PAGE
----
World of Warcraft, one the most iconic online games ever, will be taken offline in China today.
Millions of players will have to say goodbye to their heroes after a public dispute between publisher NetEase and developer Blizzard ends a 14-year contract.
Warcraft, the first game to be released in North America in 2004, was originally allowed to launch in China’s gaming market in 2005.
Blizzard’s multiplayer game has been hosted in China since 2008. NetEase also manages bespoke versions of some other Western games, such as Minecraft.
Blizzard – which is owned Activision Blizzard is trying to purchase in a record $69bn takeover deal. The deal is a record for Microsoft’s gaming giant. It was first announced that it would be ending its NetEase deal last November.
This affects not only Warcraft, with an estimated three billion players in China, but also Blizzard’s other hits, like multiplayer shooter Overwatch and card game Hearthstone.
A public dispute
Simon Zhu (NetEase’s President of Global Investment) stated that he had played those games for “10,000 hours”, in a shocking statement about the split.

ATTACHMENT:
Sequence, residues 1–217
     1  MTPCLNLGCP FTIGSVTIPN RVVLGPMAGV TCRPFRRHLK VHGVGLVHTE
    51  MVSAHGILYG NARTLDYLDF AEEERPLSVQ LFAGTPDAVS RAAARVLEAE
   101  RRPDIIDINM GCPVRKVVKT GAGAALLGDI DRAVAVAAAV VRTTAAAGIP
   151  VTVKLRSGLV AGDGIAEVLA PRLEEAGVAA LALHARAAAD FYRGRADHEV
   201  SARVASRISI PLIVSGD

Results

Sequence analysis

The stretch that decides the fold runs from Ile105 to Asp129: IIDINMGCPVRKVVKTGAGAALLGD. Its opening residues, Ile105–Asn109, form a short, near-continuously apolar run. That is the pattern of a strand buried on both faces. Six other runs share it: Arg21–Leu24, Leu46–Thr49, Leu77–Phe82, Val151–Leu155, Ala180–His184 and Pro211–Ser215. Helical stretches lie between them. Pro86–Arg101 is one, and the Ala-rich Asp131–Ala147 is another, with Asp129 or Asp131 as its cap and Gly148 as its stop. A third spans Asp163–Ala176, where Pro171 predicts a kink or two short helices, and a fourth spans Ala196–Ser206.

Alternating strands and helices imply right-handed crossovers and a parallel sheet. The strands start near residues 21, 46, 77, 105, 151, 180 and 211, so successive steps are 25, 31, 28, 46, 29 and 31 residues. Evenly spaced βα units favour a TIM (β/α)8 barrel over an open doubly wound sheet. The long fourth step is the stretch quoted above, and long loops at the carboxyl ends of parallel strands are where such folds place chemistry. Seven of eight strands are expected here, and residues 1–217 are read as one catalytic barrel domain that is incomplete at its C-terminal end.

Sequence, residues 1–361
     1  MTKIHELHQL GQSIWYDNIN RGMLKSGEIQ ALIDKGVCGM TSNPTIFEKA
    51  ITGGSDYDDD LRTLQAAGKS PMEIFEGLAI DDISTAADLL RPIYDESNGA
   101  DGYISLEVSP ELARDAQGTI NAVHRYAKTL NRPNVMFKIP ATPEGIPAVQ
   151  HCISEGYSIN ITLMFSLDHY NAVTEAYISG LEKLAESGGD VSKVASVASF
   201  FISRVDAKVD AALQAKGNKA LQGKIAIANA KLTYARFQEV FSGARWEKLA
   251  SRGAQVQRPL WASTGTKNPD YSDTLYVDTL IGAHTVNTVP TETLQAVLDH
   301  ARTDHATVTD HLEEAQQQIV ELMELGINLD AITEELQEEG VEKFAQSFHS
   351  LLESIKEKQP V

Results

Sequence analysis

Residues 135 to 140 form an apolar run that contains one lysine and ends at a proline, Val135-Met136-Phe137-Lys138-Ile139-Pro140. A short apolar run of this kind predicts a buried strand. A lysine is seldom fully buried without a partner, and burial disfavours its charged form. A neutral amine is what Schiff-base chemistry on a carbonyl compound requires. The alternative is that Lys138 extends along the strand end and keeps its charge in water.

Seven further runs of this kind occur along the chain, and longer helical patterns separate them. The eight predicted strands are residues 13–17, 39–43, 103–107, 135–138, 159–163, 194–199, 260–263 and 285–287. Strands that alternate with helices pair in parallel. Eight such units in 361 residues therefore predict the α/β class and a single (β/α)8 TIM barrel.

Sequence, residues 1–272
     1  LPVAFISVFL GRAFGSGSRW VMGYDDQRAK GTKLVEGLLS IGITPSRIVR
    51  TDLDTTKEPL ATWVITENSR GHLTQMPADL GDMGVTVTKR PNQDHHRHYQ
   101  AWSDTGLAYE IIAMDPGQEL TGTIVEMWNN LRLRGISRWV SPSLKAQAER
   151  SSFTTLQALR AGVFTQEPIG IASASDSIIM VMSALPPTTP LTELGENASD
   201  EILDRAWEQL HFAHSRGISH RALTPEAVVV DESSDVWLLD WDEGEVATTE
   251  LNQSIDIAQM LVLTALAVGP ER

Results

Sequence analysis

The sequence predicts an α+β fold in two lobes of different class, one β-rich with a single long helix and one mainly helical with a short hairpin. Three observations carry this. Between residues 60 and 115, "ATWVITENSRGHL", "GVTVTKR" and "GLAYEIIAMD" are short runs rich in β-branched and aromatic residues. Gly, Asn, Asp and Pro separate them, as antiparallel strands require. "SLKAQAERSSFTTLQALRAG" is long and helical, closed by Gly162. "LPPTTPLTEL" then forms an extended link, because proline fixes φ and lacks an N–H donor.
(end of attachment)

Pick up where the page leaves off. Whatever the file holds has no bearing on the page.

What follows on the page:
He wrote that “one day, when the truth behind the scenes could be revealed, developers and gamers would have a whole new understanding of how much damage an alcoholic can cause,” on LinkedIn.
NetEase turned down an earlier offer to extend the agreement for six months. It described the proposal as “commercially absurd” and accused Blizzard “seeking divorce, but remaining attached”.
According to Reuters, a source close to Blizzard said that NetEase wanted structural changes to affect the US firm’s intellectual property control.
NetEase maintained that all Blizzard IP usages and licensing were in compliance with the contract terms and with Blizzard’s consent and approval throughout the 14-year agreement.
Both companies had renewed their 2008 initial deal in 2019.
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Blizzard allowed their Chinese Warcraft players access to their characters and progress ahead of Monday’s deal expiring. Some of these characters will last thousands upon thousands of hours.
If Blizzard locates a new distributor in China, it will be possible to upload their data back into the game. China remains one of the most lucrative markets , despite the restrictions imposed by government.
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NetEase has grown to become China’s second largest gaming company, largely due to its partnership with Blizzard. However, NetEase now accounts for over 60% of its revenue through its own titles.
Tencent is the country’s leading industry player. It also owns US gaming giant Riot. The firm behind League Of Legends, and has stakes in major Western developers such as Epic Games and Ubisoft, creators of Assassin’s Creed.